Older Harry Potter fans will be happy to learn that J.K. Rowling’s first adult novel since the wizarding series, The Casual Vacancy was at the top of Publishers Weekly Bestseller List. With a #1 Debut, Rowling’s novel beat the E.L. James Fifty Shades of Grey phenomenon and Mark Owen’s No Easy Day by over 90,000 purchased copies. Casual Vacancy generated lots of publicity, not just for its magically famous author, but for the circumstances surrounding its publication, like nondisclosure agreements. According to a Publishers Weekly article by Louisa Ermelino, Casual Vacancy had an initial print run of 2 million copies from its Little Brown publisher.
The following video is of JK Rowling’s recent appearance on The Daily Show, where she discussed her personal view on American politics with Jon Stewart. Click here to watch the full interview.
Rowling’s success proves that print publishing is not being totally overpowered by e-books, despite the flux of sales statistics within the past two years. She had the third biggest print opening of 2012, according to Nielsen BookScan and 375,000 copies in its first six days on sale in different formats. Gabe Habash notes other authors who have seen print debut success in a Publishers Weekly article, including Charlaine Harris and Nora Roberts. In 2011, Harris’ Deadlocked sold 77,913 copies in its first week on sale, while Roberts’s recent The Last Boyfriend release sold over 80,000 copies duringits initial release week last May.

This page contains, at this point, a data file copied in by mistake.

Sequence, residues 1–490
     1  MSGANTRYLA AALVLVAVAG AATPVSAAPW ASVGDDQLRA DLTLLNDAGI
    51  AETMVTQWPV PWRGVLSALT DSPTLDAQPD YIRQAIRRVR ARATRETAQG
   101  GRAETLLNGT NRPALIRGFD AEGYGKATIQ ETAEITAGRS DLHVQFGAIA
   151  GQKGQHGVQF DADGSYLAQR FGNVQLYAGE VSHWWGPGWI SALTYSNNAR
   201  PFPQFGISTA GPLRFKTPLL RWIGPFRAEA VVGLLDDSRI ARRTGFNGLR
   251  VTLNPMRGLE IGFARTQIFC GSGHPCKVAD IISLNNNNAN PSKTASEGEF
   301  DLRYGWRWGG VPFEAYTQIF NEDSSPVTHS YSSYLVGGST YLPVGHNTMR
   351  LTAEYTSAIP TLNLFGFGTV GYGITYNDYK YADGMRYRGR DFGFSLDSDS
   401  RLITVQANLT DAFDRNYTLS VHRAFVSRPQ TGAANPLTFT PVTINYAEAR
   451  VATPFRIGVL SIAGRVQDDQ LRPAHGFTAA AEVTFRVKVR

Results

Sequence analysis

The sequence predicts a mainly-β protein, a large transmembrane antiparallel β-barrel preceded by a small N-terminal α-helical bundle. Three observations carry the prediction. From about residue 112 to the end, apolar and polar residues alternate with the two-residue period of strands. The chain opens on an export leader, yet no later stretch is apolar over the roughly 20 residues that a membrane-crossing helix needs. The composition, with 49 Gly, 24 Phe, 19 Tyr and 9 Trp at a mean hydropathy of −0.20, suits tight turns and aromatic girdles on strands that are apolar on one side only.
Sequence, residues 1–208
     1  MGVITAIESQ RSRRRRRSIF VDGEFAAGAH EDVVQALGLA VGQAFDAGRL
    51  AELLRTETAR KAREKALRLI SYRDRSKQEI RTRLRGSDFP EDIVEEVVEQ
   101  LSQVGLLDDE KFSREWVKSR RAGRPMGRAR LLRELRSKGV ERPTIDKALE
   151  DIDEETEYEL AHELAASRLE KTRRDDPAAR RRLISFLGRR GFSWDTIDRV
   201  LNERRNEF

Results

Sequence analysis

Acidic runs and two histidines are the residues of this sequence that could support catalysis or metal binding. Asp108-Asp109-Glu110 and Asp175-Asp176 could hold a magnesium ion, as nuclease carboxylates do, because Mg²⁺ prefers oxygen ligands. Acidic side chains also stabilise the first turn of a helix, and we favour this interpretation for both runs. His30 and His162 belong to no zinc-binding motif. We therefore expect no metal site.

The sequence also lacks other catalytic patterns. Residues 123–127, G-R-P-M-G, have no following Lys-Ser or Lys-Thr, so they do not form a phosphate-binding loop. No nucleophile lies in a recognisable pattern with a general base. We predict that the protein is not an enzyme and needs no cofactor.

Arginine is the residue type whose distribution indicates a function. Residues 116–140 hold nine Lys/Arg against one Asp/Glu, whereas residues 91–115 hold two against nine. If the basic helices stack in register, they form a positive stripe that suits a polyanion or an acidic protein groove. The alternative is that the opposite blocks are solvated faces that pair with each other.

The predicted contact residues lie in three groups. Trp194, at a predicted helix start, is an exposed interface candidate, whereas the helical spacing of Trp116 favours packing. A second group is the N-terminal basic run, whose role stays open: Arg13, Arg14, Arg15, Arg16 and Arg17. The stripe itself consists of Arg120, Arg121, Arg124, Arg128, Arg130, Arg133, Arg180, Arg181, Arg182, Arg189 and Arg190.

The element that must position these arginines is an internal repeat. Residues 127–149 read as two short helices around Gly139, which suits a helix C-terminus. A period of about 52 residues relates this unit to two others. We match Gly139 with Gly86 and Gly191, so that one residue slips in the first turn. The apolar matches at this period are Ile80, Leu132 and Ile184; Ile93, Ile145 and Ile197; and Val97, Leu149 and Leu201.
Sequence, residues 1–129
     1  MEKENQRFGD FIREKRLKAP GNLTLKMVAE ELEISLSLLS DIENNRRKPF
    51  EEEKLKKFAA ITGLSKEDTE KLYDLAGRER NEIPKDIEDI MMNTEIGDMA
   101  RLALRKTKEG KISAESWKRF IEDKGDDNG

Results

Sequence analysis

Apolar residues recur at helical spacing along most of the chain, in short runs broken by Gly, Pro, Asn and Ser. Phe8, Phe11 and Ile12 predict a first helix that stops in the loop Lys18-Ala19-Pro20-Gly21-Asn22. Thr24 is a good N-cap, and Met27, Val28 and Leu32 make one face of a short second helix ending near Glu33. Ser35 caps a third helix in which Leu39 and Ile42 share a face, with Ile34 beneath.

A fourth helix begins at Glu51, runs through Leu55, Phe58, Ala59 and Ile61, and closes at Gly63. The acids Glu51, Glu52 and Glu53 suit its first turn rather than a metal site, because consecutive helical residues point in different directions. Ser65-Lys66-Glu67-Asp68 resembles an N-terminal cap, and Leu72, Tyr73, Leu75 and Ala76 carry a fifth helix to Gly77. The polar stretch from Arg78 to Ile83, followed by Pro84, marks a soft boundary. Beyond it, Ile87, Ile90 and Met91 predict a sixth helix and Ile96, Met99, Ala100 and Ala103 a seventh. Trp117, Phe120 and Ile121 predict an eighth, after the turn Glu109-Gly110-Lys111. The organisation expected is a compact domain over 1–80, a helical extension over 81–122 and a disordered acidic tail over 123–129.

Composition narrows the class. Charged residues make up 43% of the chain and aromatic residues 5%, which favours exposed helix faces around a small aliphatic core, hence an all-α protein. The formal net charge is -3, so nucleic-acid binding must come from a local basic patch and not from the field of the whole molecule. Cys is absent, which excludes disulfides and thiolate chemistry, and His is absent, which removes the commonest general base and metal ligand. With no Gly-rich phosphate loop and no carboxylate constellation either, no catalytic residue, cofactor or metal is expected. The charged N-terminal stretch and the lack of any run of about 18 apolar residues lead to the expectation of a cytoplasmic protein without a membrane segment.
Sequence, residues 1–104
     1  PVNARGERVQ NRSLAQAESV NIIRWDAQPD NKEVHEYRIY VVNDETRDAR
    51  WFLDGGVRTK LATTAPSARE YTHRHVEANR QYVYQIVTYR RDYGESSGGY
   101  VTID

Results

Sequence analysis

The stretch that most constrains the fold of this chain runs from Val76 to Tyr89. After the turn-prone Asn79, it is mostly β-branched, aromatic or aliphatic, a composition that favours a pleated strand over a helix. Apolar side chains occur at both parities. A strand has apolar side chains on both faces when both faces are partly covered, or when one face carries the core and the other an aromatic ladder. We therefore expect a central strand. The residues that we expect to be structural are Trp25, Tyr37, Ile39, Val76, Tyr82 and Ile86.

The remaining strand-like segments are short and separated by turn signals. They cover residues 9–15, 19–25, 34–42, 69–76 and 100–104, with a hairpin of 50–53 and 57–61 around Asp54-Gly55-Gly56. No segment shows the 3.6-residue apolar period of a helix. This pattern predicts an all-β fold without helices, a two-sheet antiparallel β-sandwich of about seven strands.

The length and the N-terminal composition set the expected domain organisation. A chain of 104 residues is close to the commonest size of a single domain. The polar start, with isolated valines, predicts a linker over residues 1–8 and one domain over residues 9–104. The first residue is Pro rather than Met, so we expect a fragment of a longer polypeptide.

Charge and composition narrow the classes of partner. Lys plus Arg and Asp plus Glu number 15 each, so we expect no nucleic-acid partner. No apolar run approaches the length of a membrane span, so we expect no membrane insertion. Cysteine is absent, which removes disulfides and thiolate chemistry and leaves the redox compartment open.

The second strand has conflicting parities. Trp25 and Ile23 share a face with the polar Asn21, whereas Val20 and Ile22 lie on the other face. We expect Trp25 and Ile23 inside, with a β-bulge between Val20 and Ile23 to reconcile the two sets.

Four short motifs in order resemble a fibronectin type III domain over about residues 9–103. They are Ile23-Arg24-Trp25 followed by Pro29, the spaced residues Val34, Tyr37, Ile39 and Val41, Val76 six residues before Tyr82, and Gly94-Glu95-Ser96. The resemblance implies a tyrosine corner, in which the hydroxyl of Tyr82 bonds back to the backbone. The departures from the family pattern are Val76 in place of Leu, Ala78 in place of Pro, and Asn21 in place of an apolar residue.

In terms of statistics, the publishing industry had more successful titles in 2011 than 2012, but it may go without saying that the attention this year’s releases have earned is near unparalleled. Habash believes that the November releases of Janet Evanovich’s Notorious Nineteen, and Jeff Kinney’s The Third Wheel as two of the titles that may increase 2012’s print sales. It is also interesting to read that Nielsen BookScan’s lists Stephen King’s new title, The Wind Through the Keyhole, had only a 59,099 print debut. Does this number disparity signify a change in trade book trends and a new wave of bestselling-author-staples-names? The indsutry will simply have to wait and see how the success of print runs progresses and if Rowling’s return to Number 1 is Casual or long-term.